Listeriosis is an infection caused by the gram-positive bacterium Listeria monocytogenes, which has a worldwide distribution. Listeriosis is caused by eating foods contaminated with Listeria monocytogenes. Ready-to-eat food, such as hot dogs and lunch meats, are a common source of Listeria monocytogenes.
Listeria is known to thrive in chilling atmosphere, cold climes, contaminated food products, and polluted water.
Listeriosis primarily affects seniors, newborns, pregnant women, and adults who have weakened immune systems. Listeriosis can be transmitted to the fetus through the placenta even if the mother is not showing signs of illness. It can cause miscarriage, premature labor or even be fatal to the baby. Babies can be born with listeriosis if their mothers eat contaminated food during pregnancy. Although healthy persons may consume contaminated foods without becoming ill, those at increased risk for infection can probably get listeriosis after eating food contaminated with even a few bacteria. Persons at risk can prevent Listeria infection by avoiding certain high-risk foods and by handling food properly.
Symptoms of Listeriosis
Listeriosis symptoms may appear days to weeks after exposure to the contaminated food. Listeriosis symptoms may include short-term symptoms such as high fever, severe headache, stiffness, nausea, abdominal pain and diarrhea. Loss of balance or convulsions can occur if the infection has spread to the brain or spinal column. Pregnant women will begin developing more serious symptoms of the condition if this is the case. Stiff neck, disorientation and convulsions are signs of severe listeriosis. These signs and symptoms of listeriosis require immediate medical attention.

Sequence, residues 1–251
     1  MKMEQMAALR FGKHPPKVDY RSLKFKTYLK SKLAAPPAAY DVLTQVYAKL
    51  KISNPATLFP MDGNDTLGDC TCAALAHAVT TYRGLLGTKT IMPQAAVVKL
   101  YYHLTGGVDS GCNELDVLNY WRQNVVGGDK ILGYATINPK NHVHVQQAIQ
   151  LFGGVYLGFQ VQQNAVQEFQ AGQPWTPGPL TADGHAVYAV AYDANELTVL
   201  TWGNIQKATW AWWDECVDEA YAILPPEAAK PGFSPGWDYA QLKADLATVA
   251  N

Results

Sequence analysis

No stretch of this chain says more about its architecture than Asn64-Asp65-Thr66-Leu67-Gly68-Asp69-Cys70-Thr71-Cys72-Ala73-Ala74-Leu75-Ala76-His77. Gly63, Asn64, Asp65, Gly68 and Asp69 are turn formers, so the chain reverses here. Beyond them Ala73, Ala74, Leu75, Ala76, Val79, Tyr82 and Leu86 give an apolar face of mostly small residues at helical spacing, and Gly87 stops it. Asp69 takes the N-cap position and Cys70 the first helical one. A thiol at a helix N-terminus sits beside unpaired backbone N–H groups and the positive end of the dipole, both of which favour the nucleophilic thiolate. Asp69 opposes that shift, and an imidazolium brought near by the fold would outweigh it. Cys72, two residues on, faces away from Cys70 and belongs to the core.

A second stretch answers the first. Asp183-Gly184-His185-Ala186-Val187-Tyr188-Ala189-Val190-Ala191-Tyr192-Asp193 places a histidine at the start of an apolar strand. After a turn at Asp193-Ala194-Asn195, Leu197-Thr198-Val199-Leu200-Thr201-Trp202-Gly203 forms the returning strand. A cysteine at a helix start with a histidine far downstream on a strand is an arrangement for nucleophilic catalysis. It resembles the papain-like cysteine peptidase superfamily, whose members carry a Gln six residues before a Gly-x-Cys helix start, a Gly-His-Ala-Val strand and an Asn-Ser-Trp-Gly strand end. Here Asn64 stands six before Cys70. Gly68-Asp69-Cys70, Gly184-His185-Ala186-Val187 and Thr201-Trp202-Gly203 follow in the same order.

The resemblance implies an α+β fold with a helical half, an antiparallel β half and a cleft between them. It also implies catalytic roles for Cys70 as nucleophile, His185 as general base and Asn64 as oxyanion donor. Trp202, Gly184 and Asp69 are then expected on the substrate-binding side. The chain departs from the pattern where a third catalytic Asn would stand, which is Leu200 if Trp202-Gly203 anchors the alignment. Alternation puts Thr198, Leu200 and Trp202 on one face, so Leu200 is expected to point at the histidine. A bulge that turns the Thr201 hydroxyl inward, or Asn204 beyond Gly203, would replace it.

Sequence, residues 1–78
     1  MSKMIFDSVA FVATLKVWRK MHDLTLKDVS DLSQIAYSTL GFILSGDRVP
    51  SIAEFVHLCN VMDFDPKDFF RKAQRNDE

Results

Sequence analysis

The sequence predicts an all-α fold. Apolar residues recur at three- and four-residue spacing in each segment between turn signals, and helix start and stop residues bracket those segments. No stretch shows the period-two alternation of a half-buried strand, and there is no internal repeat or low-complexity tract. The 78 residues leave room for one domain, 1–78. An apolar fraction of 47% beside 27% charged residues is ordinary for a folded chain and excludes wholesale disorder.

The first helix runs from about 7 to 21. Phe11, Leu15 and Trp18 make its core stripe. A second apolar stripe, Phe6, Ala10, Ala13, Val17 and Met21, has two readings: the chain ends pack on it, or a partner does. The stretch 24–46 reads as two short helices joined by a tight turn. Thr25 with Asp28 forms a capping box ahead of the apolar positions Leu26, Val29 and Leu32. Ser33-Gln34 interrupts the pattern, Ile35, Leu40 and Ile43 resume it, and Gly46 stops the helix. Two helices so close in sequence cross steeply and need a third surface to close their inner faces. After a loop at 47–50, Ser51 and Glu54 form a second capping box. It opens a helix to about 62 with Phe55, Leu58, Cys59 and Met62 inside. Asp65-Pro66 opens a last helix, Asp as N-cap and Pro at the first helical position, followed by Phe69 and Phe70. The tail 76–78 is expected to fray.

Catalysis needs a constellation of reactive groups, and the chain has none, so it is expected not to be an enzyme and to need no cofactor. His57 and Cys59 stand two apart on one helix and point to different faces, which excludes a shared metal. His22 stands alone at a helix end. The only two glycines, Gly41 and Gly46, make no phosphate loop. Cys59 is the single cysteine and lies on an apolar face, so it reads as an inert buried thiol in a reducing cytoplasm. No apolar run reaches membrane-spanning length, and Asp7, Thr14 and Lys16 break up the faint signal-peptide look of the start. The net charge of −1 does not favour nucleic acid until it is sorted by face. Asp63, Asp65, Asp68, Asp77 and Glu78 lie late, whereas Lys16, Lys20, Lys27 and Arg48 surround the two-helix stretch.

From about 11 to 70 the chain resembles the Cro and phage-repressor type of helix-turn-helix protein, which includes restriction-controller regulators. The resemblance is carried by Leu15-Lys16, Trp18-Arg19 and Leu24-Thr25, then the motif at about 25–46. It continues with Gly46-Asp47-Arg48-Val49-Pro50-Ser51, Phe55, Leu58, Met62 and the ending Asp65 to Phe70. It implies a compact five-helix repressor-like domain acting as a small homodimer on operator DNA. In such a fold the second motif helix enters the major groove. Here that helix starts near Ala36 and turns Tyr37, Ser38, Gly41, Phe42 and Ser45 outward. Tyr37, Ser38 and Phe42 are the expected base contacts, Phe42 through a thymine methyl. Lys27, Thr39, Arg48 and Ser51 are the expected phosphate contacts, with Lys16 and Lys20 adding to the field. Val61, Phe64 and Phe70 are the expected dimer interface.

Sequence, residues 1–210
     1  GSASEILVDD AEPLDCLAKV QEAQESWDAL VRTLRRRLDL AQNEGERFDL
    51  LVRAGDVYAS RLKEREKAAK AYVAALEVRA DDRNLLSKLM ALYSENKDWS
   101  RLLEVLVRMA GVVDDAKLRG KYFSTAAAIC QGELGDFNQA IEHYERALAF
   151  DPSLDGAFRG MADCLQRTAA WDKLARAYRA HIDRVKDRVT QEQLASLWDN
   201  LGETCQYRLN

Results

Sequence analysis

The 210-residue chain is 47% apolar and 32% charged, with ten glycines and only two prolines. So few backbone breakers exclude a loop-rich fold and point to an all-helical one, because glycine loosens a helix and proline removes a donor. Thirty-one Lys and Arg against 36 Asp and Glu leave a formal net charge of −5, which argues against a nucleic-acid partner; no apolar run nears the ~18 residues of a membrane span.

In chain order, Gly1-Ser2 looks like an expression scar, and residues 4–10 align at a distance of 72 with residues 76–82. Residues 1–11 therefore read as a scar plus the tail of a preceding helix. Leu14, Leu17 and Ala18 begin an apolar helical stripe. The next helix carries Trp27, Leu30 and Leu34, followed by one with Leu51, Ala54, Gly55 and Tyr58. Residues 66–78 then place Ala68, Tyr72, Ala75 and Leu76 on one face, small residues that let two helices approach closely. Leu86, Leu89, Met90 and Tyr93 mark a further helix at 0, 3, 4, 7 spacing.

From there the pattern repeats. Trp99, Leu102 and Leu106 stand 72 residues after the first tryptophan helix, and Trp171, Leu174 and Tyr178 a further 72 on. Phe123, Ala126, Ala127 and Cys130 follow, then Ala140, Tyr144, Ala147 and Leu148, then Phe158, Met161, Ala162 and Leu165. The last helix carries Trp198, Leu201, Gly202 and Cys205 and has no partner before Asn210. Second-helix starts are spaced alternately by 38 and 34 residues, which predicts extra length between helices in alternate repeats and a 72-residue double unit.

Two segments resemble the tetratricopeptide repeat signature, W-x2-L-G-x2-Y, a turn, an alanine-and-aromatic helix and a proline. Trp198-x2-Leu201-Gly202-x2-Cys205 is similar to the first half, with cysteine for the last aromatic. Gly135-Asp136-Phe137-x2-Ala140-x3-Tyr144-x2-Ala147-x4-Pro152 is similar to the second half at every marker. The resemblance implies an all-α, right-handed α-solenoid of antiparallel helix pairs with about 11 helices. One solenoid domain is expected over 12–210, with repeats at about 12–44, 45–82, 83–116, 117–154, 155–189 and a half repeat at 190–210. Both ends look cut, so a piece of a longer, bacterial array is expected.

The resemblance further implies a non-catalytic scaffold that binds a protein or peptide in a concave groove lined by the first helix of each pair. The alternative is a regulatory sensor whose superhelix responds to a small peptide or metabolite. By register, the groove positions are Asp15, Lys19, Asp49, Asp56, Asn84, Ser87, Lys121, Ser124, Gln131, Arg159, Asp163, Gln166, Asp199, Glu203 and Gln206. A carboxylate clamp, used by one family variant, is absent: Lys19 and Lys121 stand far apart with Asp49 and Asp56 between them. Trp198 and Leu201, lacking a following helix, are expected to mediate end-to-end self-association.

Listeriosis is commonly associated with the following foods: raw meat, unpastuerized products, and ready-to-eat foods like lunch meats, hotdogs, and soft cheeses. People who are most susceptible to infection include pregnant women, unborn children, young children, older adults, and people with weakened immune systems.